Tillie Walden‘s debut graphic novel hasn’t even been published yet and already she’s being touted as one of the most exciting new talents to have come into the medium for years. The maturity and confidence of her storytelling style is all the more remarkable when you consider that she still isn’t out of her teenage years.
Walden’s first full-length comics narrative The End of Summer comes to us via celebrated London micropublisher Avery Hill Publishing. The book is launched at Gosh! Comics later this week and will be available at ELCAF over the weekend. The End of Summer is a dark fantasy focusing on the relationship between young twins Lars and Maja as their family settles in for the winter in their vast and echoing castle home. Today at BF I chat to Tillie about the incredible diversity of her approaches to the form, working with Avery Hill Publishing, and the challenges of tackling a full-length graphic novel for the first time…
ANDY OLIVER: Before your debut graphic novel The End of Summer has even been published there’s been a real buzz about your work online already. Indeed, our preview of the book here at Broken Frontier earlier this year was very enthusiastically received by our readership. As such an exciting new talent on the scene could we begin with a brief introduction to the Tillie Walden story so far for those unfamiliar with your work?
TILLIE WALDEN: Sure! I’ve been a cartoonist for about two years now. I’m from Austin, Texas, but currently living in Vermont while I attend the Center for Cartoon Studies, which is a two-year program focused on studying and making comics. I’ve been making short comics for a while now and The End of Summer is my first graphic novel.
Was there a significant entry point into comics for you? Something that principally influenced your love for the medium?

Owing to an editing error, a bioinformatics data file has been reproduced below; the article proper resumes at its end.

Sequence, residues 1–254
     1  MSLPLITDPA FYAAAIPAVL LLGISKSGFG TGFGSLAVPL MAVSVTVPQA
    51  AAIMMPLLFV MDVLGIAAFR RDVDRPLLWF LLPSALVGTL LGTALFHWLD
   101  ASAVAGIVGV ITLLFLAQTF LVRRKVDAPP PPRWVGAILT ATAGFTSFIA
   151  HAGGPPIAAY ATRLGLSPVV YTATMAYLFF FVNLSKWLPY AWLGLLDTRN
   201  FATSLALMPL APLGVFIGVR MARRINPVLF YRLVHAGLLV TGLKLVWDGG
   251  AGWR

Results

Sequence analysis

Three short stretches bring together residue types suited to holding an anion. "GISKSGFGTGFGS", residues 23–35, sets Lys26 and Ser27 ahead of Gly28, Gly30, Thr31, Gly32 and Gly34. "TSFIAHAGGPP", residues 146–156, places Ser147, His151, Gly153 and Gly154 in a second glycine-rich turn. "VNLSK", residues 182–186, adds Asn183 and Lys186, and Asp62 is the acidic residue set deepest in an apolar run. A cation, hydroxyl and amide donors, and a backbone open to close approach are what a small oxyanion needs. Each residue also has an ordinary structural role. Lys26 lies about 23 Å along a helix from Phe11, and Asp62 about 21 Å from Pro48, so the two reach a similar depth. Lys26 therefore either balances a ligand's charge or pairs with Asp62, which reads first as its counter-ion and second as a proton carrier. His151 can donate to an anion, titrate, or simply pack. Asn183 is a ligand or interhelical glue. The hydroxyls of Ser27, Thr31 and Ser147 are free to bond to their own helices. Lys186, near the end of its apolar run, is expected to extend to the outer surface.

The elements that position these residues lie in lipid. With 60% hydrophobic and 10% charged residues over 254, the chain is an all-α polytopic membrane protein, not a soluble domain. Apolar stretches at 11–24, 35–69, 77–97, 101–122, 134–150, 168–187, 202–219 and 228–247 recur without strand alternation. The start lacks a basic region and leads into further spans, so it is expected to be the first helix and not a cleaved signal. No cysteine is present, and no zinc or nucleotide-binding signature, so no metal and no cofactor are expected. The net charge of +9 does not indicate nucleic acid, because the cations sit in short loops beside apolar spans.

There was a significant entry point for me, actually. I never drew comics for fun as a kid, it was more that the day I decided to draw comics I sat down to do it like it was a job, and haven’t stopped since. What got me started was I went to a two-day workshop with Scott McCloud in Los Angeles when I was in 11th grade.
I remember being at this workshop, and I was very excited, but I had the realization that I had never actually made a single comic before. I had always read comics growing up, and I had always been an artist, but the two had never mixed. I remember being so terrified because there was Scott McCloud asking me to draw a comic and I had no idea what to do. So I came home from that and decided it was time to start.
Sample pages from Tillie’s short story ‘Sylvia’… Read it all online here
What gave me a love for the medium were the books I read as a kid. I think comics spoke to me especially because I was always a very slow reader, but with images I felt like I was finally reading in a normal way. My Dad bought me everything by Tezuka, and reading his series Buddha was a revelation for me. Tezuka was really my first love for comics, and when I finally started drawing them, all of his books were in the back of my mind.
Your work on your website shows a remarkable level of diversity in terms of its constantly shifting visual approaches and genres – from metafictional autobio comics (below) to Noirish period drama. Could you tell us a little about the many styles you’ve worked in on some of those self-published online pieces?